Running a business brings many rewards, but also a host of risks and challenges. One of the more common of those is internal fraud. It can devastate your business and its reputation, undermine staff morale and jeopardise relationships with your suppliers, your investors and the compliance authorities.
The danger is that it can happen to anyone, at any time – no one is immune. Fortunately every business, from the largest corporate to the smallest SME, can reduce its risk of fraud substantially with just a few basic system changes.
Let’s discuss some of them, plus we’ll share a tip on using good judgment and common sense to keep your business safe and your livelihood secure.
Inevitably, there will be times when one or more of a company’s directors are absent and have to miss board meetings – perhaps through illness, frequent travel, taking of leave etc. But the company’s operations must continue regardless, and to provide for those situations the Companies Act provides for the appointment of an “alternative director” to fill in for a particular director when need be.
Such an alternate director is included in the Act’s definition of “director” and that means a host of consequences for both the company and the appointee.
Read on for some thoughts on the roles, duties and risks that an alternate director takes on in accepting such an appointment…
Employee burnout is a major problem worldwide. In the USA, for example, it is estimated to cause 120,000 deaths and to cost $120bn in healthcare annually. No doubt in a local context individual businesses also suffer substantial direct and indirect costs. The good news is that research has shown that we can all do something about it.
So have a look with us at the two factors that have been particularly highlighted as causes of burnout and at the reasons behind them. Most importantly, on the principle that prevention is always better than cure, we’ll also discuss three key recommendations from researchers on how to address the problem.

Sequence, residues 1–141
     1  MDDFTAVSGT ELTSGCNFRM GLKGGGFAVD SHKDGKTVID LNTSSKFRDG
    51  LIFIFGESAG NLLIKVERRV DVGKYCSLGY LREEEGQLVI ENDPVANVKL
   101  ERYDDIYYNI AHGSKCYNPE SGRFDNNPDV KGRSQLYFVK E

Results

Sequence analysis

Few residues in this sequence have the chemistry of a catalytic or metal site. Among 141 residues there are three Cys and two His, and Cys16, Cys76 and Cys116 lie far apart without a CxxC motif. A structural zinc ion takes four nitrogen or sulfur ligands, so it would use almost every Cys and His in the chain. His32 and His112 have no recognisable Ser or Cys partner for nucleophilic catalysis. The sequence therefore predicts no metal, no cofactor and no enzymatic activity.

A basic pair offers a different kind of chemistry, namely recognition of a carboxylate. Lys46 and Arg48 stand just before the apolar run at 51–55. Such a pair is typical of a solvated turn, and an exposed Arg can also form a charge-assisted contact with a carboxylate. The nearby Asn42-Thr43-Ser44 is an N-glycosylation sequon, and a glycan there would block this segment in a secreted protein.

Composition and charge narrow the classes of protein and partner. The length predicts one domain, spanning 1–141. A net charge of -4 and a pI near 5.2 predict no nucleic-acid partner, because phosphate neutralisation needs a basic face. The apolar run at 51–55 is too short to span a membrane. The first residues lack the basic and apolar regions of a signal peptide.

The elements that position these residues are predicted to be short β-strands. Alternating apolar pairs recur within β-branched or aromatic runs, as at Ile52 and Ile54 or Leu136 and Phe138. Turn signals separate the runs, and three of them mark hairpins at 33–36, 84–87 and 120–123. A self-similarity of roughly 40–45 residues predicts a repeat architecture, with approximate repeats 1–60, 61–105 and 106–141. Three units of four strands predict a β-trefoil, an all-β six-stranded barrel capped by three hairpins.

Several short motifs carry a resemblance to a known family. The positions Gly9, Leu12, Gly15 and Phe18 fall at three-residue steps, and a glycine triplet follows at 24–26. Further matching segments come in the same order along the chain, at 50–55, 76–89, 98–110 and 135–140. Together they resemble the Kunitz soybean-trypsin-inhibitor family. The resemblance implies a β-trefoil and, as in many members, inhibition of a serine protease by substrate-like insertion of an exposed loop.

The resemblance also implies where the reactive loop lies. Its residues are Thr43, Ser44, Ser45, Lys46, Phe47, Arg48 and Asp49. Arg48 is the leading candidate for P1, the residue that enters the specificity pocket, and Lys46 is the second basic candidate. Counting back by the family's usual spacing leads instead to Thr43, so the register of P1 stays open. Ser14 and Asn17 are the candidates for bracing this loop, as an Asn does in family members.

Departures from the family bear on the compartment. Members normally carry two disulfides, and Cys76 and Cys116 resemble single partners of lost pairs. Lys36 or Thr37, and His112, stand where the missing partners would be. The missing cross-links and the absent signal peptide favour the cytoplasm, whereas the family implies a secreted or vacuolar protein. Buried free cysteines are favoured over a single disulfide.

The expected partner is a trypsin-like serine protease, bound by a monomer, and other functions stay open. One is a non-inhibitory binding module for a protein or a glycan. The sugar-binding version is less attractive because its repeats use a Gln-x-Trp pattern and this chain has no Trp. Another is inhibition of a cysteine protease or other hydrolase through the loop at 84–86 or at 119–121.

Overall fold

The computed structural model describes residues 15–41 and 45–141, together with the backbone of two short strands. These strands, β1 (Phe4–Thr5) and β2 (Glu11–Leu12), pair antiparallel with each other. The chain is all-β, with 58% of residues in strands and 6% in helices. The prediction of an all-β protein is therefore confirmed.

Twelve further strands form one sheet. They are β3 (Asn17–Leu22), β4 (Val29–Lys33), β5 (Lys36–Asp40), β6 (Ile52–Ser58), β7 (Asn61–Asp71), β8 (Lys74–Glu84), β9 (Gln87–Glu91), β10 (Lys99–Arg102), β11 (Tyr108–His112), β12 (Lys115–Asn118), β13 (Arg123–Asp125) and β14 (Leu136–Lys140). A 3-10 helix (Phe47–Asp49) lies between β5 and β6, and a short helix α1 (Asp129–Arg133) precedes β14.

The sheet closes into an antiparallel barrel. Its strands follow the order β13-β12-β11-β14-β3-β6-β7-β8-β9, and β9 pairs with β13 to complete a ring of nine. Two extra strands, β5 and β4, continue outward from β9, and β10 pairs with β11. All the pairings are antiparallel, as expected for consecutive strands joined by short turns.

Compliance requirements for businesses are becoming more onerous. Small businesses in particular increasingly have to perform a balancing act between optimising their limited resources on the one hand, and weighing up the consequences of non-compliance on the other.
Now we are faced with new accounting reporting standards – standards you should both know about and prepare for. We’ll focus on one particularly important one, the “Revenue from Contracts with Customers” requirement.
Another crucial development is a recent CIPC warning about non-compliance with disclosure requirements relating to remuneration of directors and prescribed officers.
Firstly, there are no major deadlines in June but tax season opens in July, so make sure you have all your documentation ready for your 2018/2019 Income Tax Return.
Then there is some good news – a Memorandum of Understanding (MOU) has been entered into between SARS and the Office of the Tax Ombud (OTO).
In recent times, the OTO has been critical of SARS particularly in the area of tax refunds. The recent Nugent Commission of Enquiry into SARS was told of refunds being held back at year end to bolster revenue collections. In the last tax year, SARS increased VAT refunds by R38 billion to address this problem. SARS also released a Service Charter in 2018…
The information provided herein should not be used or relied on as professional advice. No liability can be accepted for any errors or omissions nor for any loss or damage arising from reliance upon any information herein. Always contact your professional adviser for specific and detailed advice.